What is it about politicians and sex? It seems that every year there are a few more politicians who, um, get caught with their pants down - so to speak. And yes, it's all men (maybe there are exceptions, but none spring to mind).
And so here we are in Portland, Oregon where our newly sworn-in Mayor, Sam Adams, finds himself in the middle of a sex scandal. Sam, who the press loves to point out is the first openly gay mayor of a major American city, had a sexual relationship with an 18 year old man in 2005 (Sam was in his early 40's at the time) and, while running for mayor, vigorously denied it when an accusation was made by another potential candidate. A few days ago, just before a local newspaper broke the story, Sam held a press conference and admitted that he had lied about the sexual liaison, and convinced his young lover to also lie, in order not to jeopardize his mayoral run. And so the scandal swirls and swirls.
The issue here, in my opinion, has nothing to do with Sam having sex - everyone does, I hope. There are a few issues that bother me:
1. Sam lied. He lied to the press and to the public. He now admits to the lie, and asks for the public to forgive this "one mistake" in a long political career. The issue: can Sam be trusted not to lie about other things? How will we know if he is telling the truth?
2. Sam had sex with a teenager. Yes, in Oregon, an 18 year old is considered a consenting adult, but there is something , well, creepy about a 40-something powerful politician having sex with an admittedly confused teenager. Gayness has nothing to do with it, it's just plain out of line.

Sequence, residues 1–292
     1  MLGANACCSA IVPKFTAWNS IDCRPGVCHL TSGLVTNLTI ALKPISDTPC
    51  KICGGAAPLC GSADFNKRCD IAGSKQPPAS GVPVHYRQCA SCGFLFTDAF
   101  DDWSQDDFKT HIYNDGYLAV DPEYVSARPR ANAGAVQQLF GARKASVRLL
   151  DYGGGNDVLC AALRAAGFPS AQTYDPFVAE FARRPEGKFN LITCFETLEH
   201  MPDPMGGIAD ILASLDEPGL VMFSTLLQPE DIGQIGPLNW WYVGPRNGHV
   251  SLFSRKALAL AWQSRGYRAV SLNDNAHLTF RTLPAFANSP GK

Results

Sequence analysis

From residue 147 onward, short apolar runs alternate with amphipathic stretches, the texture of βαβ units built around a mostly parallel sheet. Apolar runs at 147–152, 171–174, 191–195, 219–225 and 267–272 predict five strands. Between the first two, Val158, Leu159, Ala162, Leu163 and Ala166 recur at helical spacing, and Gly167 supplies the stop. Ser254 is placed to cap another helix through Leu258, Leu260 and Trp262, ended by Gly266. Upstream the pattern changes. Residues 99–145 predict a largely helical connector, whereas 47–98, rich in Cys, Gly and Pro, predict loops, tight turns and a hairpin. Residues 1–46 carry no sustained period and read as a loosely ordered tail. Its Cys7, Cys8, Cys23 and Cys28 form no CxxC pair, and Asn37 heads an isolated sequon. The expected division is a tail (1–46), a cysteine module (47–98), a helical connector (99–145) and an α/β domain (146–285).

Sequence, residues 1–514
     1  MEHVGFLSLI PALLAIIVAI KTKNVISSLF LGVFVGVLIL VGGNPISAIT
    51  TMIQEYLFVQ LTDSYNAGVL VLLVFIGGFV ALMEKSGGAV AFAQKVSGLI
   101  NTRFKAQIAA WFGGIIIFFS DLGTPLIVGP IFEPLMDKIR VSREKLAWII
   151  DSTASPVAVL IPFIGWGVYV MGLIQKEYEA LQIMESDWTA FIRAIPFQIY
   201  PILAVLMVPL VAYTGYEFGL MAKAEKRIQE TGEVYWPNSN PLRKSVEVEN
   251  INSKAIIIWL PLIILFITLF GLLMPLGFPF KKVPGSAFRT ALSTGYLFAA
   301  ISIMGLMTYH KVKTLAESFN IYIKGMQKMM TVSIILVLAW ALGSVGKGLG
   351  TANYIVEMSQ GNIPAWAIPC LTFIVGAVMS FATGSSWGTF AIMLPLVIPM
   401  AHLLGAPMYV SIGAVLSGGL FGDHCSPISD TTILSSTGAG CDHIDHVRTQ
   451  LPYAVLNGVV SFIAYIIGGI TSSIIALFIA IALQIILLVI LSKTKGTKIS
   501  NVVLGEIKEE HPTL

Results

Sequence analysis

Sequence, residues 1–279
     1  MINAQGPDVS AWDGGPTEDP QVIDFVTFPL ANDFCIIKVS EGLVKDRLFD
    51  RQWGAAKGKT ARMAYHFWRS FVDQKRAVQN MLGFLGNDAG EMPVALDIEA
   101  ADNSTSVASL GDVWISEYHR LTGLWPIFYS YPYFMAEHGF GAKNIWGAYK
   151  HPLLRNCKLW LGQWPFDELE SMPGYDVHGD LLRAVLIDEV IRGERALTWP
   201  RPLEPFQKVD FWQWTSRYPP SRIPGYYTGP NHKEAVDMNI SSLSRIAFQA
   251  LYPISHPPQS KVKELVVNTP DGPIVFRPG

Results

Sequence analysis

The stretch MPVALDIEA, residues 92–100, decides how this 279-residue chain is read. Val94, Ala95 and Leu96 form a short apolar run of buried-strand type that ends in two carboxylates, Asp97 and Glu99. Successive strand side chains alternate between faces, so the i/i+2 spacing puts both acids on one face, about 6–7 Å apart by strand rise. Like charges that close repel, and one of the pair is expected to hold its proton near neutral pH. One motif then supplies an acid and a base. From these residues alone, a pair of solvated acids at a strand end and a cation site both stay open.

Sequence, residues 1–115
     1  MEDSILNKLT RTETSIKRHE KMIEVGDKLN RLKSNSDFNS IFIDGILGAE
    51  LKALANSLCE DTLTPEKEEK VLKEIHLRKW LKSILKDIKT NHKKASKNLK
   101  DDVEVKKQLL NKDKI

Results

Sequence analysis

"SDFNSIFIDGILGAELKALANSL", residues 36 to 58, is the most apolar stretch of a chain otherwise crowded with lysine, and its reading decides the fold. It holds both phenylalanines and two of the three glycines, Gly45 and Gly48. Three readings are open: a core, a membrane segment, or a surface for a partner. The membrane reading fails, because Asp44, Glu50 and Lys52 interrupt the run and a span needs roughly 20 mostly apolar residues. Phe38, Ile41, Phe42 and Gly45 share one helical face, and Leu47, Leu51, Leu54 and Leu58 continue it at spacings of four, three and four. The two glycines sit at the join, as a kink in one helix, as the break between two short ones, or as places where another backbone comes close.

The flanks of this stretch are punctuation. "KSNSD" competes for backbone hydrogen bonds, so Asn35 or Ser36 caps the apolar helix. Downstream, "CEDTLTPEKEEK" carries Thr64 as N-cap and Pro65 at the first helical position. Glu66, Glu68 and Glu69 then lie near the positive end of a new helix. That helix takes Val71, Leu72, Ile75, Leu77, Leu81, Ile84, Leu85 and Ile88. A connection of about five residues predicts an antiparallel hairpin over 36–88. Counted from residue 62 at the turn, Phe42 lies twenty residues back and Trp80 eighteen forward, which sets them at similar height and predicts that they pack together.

3. And what does this episode have to say about Sam's judgment? I'd say it shows very poor judgment, particularly for a politician with ambitions of higher elected office. Can we trust Sam's judgment regarding the business of the City of Portland?
The battles are raging in the various media. Some people are defending Sam, others, including our newspapers, are calling for his resignation. Some folks are talking about a recall campaign. Can tar and feathers be far behind?
I don't have a position, yet, on whether Sam should step down or not. But I think the decision has to be Sam's - he needs to look at his role and responsibility as Mayor and decide what is best for the citizens of Portland and the workings of city government. I heard an interview today of the President of the Portland Police Union, who thinks Sam should resign. His issue: as Mayor, Sam is the final word on employee discipline, so what does he do if a policeman admits that he lied about something, but claims it was his only mistake in 20 years of service, and he's sorry?
And so Sam Adams joins the long list of distinguished (and not so distinguished) American politicians who have been caught up in sex scandals, including those of recent memory like Bill Clinton, Elliot Spitzer, John Edwards, David Vitter, Mark Foley and Larry Craig (here's a list of the top 53). Truth be told, I like Sam, and he'll probably be an OK mayor if he hangs on and gets past this - there are other things about his political style and focus that are more bothersome to me. But this situation certainly raises some doubts.